"Want a puppy? She's awfully cute." I heard these words fourteen years ago while working at a local restaurant. Common sense must have been on sabbatical; the next day my husband and I found ourselves at a hunt club checking out our third dog. She was adorable in spite of her questionable pedigree. Her mother, a Scottish Terrier named Cora, belonged to the daughter of the woman who took care of the club's army of hounds. Unsupervised while in heat, Cora had an encounter with a Jack Russell Terrier named, of all things, "Chance". The coupling resulted in two pups, one of which was about to become the next monkey wrench in our lives.
Bonnie barrelled into our home and straight to the food dish without a hint of respect for the canine hierarchy already in place. Sheila, our Australian Shepard, and Wednesday, the raggedy old man we rescued from the streets of New York City, saw their worlds rocked that day. Seniority had no meaning for the swaggering combination of Napoleon and James T. Kirk-she came, she saw, and she most definitely conquered.
The "Scotch Terrier" had a limited tolerance for other dogs, especially females. Since he was old enough to have maybe one or two of his senses in working order, Wednesday couldn't care less. Sheila, however, often found herself at odds with Bonnie and fights would end up with a trip to the vet's office. Our newest addition was an incendiary bomb, going off in a succession of squeals and howls at the sight of a strange dog. I soon concluded that she was not fit for public consumption.
Bonnie made the assimilation of new dogs an absolute nightmare. Our first golden retriever, Emma, was quarantined to the kitchen for months before we were comfortable enough with their relationship. We had it a little easier with Gracie, but it was still no picnic. Blood was drawn as the two dogs watched me eat an order of buffalo wings in the kitchen. After a flurry of snarls, poor Gracie broke into a pathetic puppy yowl. I picked up the sweet ball of fluff, only to have her sneeze a spattering of red spots all over the kitchen counter. Minutes later, my husband arrived home to what looked like a crime scene. We were held hostage by a canine goon.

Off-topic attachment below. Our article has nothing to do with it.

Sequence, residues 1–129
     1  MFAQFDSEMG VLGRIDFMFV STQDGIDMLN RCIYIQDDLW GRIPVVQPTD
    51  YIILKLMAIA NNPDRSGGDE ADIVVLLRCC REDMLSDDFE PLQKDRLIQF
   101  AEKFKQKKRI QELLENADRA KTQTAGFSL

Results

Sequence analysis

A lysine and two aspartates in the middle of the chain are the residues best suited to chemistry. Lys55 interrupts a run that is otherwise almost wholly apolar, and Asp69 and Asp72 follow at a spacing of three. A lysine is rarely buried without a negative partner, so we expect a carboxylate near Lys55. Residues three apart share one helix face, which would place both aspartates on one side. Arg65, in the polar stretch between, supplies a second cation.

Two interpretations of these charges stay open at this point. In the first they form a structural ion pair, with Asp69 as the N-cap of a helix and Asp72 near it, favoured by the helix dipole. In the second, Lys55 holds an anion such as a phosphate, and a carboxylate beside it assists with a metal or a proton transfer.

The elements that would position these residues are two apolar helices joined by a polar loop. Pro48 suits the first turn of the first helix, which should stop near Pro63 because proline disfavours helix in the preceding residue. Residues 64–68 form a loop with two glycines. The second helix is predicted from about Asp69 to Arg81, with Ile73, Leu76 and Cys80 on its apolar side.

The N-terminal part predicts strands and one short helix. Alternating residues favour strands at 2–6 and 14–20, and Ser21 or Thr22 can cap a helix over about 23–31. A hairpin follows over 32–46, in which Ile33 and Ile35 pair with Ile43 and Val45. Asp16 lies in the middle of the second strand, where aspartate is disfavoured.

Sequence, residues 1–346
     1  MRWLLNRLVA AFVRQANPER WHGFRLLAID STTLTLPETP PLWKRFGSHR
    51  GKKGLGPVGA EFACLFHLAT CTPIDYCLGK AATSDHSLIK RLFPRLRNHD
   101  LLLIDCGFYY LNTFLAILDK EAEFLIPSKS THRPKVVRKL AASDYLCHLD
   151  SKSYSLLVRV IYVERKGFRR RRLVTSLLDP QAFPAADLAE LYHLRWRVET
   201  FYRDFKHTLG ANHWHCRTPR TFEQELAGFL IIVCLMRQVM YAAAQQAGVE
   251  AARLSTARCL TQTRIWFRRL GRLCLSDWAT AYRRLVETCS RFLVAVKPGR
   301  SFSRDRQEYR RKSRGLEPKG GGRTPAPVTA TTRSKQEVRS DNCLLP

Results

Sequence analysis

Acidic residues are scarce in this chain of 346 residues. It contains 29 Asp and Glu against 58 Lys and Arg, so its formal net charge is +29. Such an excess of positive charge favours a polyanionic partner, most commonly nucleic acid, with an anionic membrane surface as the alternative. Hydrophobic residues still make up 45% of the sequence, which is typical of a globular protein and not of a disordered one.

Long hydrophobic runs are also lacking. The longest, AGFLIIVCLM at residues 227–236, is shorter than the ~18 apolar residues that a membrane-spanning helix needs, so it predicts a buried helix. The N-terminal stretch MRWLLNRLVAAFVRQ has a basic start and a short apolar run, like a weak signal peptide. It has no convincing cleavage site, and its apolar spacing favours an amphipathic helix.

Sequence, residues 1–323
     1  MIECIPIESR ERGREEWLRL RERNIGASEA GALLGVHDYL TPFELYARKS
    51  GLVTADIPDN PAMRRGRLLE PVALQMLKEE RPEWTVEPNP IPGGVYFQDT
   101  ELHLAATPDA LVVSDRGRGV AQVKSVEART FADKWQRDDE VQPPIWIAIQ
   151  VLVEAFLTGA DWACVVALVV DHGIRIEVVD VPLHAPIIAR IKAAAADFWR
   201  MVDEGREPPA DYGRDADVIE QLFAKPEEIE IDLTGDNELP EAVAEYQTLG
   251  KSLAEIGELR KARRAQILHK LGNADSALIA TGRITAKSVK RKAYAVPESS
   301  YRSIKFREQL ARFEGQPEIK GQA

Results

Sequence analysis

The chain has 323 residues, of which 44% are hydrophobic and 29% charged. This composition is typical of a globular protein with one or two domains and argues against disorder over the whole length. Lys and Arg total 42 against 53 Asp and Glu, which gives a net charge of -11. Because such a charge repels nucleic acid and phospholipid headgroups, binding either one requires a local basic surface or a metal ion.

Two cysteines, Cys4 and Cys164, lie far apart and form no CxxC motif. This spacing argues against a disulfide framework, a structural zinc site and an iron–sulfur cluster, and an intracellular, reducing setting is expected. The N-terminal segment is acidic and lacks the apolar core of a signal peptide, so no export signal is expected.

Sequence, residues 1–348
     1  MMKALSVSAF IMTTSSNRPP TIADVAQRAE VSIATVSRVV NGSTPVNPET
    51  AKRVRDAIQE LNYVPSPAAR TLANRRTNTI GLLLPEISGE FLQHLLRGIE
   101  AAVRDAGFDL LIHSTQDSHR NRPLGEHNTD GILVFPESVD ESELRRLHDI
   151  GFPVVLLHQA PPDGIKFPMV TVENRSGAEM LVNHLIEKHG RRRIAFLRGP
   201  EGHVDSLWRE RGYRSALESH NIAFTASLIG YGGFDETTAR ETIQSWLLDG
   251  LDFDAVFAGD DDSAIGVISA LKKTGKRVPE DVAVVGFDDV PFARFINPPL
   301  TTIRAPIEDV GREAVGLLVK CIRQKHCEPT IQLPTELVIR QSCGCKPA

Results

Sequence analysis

Eventually we reached a state of compromise, thanks to Gracie's inability to hold a grudge and her willingness to submit to the little one's tyranny. However, Bonnie remained the sheriff of the household and would reprimand our benign golden at a moment's notice. She had the teeth of a Great White Shark and was not afraid to use them. As you can imagine, we were always a little on edge.
In the fall of 2005, my father's Macular Degeneration took a turn for the worse and he found himself no longer able to drive. My mother had been in a nursing home with dementia for about 6 months, so he was incredibly alone. His need for companionship triggered a light bulb- how would he like to have Bonnie come live with him? "I was thinking the same thing." he said. What is it they say about great minds?
They spent the next four years together, two crotchety seniors on the same page. Bonnie stepped into the role of my father's second wife in the same way she entered our home. No questions asked, my way or the highway. She nagged him to go to bed, woke him up for a midnight snack and demanded attention worthy of a princess. He doted on her and acquiesced to her every whim. In return, she did what the best of dogs do-she made him feel needed. "You see that?", he would say as she lay at his feet. "That's as far as she ever gets away from me." Lucky for you Dad, I thought, and lucky for me. I had killed two birds with one dog. Dad had a companion and my home was considerably quieter. But all good things do have an end.
Bonnie came back to live with us over a week ago. Both she and I are doing our best to adjust to the new arrangements. My father's cancer is advancing and as he lies in bed in a Hospice ward, he can no longer take care of "his girl". His goodbye to her will always bring me to tears, but I try to console myself by remembering the time they spent together and the incredibly great work Bonnie did. As my friend Betsy said, "Who ever thought that such a miserable little cur would have such a noble purpose?" Somehow I think Bonnie knew.